Saudi singer celebrates end of driving ban on females with song

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She's the first female board member of the Saudi Arabian Motor Federation, and serves as the Saudi Arabian representative at Women in Motorsport Commission for FIA.

'Saudi Arabia has just entered the 21st century, ' he told his granddaughters in the back seat. The ban had relegated women to the backseat, restricting when and how they move around.

Asked whether there would now be female Saudi racing drivers, she replied: "For sure, definitely".

Saudi Arabia was the only country in the world where women were banned from driving.

The lifting of the ban is just one of many changes planned by Saudi Arabia's Crown Prince Mohammed bin Salman, who assumed power one year ago this month.

Saudi Arabia is among the most conservative countries in the world and women have traditionally had much fewer rights than men.

Some still face resistance from conservative relatives, and many accustomed to private drivers say they are reluctant to take on the country's busy highways.

"There will be more cars on the road", Khalid Al-Falih said in Vienna, where he was attending an OPEC meeting.

Human Rights Watch last week said the kingdom has arrested two more female activists and many others have been barred from travelling outside the kingdom, in what it denounced as an "unrelenting crackdown".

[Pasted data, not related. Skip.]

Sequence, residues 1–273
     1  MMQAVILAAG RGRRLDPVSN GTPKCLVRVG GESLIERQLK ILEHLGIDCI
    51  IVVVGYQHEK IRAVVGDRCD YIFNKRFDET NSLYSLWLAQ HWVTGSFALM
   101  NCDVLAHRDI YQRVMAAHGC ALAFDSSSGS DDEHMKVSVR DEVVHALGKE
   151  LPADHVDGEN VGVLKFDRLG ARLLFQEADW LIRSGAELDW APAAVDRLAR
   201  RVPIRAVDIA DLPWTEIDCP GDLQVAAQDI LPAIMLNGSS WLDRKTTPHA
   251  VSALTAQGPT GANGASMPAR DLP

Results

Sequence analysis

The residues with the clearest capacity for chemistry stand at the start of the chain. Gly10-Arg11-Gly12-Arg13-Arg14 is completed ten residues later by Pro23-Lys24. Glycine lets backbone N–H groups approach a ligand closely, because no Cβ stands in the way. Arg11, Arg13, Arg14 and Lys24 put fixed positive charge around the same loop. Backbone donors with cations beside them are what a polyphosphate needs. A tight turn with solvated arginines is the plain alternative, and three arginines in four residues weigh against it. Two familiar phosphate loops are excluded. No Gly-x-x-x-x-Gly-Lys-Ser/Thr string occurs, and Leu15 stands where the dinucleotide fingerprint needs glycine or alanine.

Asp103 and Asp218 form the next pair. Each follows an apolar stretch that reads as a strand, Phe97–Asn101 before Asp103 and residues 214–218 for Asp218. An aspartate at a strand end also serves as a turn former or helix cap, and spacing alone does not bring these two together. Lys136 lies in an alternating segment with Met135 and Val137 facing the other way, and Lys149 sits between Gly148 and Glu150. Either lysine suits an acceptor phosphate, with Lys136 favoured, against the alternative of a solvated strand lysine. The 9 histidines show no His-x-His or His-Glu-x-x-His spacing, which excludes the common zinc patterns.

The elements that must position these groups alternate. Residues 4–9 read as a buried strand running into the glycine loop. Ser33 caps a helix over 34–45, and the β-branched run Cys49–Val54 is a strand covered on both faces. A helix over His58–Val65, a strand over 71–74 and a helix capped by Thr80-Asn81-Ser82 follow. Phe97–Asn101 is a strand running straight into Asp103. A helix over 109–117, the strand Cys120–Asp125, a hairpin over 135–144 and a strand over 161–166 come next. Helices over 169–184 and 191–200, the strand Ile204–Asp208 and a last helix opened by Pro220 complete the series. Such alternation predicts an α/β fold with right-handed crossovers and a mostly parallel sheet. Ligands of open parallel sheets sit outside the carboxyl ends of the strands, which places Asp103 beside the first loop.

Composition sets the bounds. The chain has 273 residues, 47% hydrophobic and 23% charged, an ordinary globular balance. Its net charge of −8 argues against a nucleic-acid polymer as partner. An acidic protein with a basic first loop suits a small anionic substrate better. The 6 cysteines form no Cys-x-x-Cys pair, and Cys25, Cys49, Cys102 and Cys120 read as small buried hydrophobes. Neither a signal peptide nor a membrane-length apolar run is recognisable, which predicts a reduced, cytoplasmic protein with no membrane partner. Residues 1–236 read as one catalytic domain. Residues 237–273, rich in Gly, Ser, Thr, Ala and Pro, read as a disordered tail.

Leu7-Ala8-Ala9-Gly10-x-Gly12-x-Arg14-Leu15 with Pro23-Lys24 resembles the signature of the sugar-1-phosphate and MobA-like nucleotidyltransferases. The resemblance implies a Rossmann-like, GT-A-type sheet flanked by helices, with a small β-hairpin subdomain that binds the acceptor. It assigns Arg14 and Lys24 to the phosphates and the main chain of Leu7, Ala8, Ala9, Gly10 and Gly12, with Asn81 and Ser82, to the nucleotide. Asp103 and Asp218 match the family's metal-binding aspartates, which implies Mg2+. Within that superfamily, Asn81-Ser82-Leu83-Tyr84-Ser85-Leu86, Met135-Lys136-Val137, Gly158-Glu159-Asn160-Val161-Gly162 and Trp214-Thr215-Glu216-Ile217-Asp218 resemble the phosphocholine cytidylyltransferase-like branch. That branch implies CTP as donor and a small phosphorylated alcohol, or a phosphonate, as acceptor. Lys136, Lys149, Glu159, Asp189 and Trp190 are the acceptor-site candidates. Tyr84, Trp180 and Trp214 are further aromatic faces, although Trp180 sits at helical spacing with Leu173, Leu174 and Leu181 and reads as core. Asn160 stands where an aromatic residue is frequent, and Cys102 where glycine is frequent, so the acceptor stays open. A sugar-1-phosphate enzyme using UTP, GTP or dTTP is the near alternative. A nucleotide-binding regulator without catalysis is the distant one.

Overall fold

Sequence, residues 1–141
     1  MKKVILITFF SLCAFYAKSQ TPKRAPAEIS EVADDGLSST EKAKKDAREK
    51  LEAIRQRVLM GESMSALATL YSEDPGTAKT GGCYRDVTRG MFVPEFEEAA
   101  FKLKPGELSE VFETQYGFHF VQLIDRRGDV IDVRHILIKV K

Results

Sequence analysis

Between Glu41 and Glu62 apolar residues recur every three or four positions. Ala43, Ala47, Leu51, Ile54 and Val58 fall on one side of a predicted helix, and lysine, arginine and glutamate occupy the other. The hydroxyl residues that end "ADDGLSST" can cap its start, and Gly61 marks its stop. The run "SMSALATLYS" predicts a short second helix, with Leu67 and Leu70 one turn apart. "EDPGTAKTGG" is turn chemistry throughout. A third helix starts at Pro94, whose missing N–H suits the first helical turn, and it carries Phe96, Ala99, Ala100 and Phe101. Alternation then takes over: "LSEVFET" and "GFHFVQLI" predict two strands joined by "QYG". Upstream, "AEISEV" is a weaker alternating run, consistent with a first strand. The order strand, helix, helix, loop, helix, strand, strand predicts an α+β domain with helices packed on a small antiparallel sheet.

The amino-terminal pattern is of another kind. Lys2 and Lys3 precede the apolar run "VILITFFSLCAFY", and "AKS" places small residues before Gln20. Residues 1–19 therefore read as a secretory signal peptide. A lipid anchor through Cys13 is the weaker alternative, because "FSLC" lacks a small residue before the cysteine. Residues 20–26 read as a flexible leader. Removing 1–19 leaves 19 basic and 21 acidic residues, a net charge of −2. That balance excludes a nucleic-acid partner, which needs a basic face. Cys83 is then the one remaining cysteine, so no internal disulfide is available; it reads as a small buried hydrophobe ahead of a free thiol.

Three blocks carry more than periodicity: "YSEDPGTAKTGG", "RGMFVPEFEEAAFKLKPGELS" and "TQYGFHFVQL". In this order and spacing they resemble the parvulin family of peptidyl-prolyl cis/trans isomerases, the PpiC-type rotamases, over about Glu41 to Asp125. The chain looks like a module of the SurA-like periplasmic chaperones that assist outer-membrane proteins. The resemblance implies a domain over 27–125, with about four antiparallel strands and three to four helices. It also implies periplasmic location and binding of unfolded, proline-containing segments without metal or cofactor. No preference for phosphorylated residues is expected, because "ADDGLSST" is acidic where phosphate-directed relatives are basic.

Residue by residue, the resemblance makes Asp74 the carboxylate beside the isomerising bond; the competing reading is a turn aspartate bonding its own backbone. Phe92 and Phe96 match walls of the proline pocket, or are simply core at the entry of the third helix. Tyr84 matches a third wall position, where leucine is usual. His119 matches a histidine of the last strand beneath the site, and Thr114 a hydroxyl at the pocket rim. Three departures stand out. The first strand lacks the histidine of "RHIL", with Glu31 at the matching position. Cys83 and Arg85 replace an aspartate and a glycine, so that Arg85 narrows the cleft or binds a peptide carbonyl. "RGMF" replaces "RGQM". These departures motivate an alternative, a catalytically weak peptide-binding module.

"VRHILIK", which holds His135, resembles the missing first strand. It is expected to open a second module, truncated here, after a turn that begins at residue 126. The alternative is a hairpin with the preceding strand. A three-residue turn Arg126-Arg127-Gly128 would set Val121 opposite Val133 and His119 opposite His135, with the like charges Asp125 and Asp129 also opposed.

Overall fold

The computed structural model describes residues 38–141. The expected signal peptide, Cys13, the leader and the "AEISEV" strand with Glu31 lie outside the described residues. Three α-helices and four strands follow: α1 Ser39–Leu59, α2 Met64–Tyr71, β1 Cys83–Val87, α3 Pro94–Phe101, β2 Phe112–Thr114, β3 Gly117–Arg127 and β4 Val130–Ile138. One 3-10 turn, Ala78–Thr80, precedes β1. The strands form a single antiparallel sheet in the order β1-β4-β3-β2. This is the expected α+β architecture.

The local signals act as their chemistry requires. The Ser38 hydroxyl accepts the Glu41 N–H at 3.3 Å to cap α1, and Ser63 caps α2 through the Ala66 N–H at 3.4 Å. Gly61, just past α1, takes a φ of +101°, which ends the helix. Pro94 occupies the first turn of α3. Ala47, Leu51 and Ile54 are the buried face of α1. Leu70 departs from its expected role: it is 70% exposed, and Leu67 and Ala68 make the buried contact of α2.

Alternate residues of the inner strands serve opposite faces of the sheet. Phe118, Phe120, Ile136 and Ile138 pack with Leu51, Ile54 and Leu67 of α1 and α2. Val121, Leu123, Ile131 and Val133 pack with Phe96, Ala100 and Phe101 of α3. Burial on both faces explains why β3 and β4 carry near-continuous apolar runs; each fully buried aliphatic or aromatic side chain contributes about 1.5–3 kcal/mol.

Official statistics show that women make up the overwhelming majority of job seekers in Saudi Arabia and that around 34 percent of Saudis seeking employment are between 25 and 29 years old.

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Daniah al-Ghalbi, a newly-licensed Saudi woman driver, during a test-drive in the Red Sea resort of Jeddah, a day before the lifting of a ban on women driving in the conservative Arab kingdom.

Prince Mohammed, appointed heir to the most powerful throne in the Middle East a year ago this month, has also lifted a ban on cinemas and mixed-gender concerts, following his public vow to return the kingdom to moderate Islam.

Michele Mouton, a former rally driver and president of the FIA's commission, said in a statement she hoped Ms Al-Hamad's example would help pave the way for more Saudi women to get involved.

"It was ideal. Everything was smooth, I felt I belong in the seat", she said afterwards.

Twitter exploded with videos of Saudi women driving for the very first time, highlighting their experiences with the hashtag #saudiwomendriving. There's also a waiting list of several months for a courses in major cities where they are offered.

Others already own cars driven by chauffeurs and are in no rush to drive themselves.

"Worst of all will be if these small-scale reforms, and the silencing of feminists, slow the momentum for pushing the Saudi regime into making more meaningful change", she wrote in a United States newspaper. "It will take me two months to save up enough to pay for the license fee", 20-year-old literature student Salwa al-Zahrat told Reuters, "and then it will take me three years to save up for a auto".

They could detain groups of unmarried men and women for simply standing around or sitting together.

Myself as a man, or any man, when he sees a woman, he'll give her the priority and give her the right of way to drive, and protect her.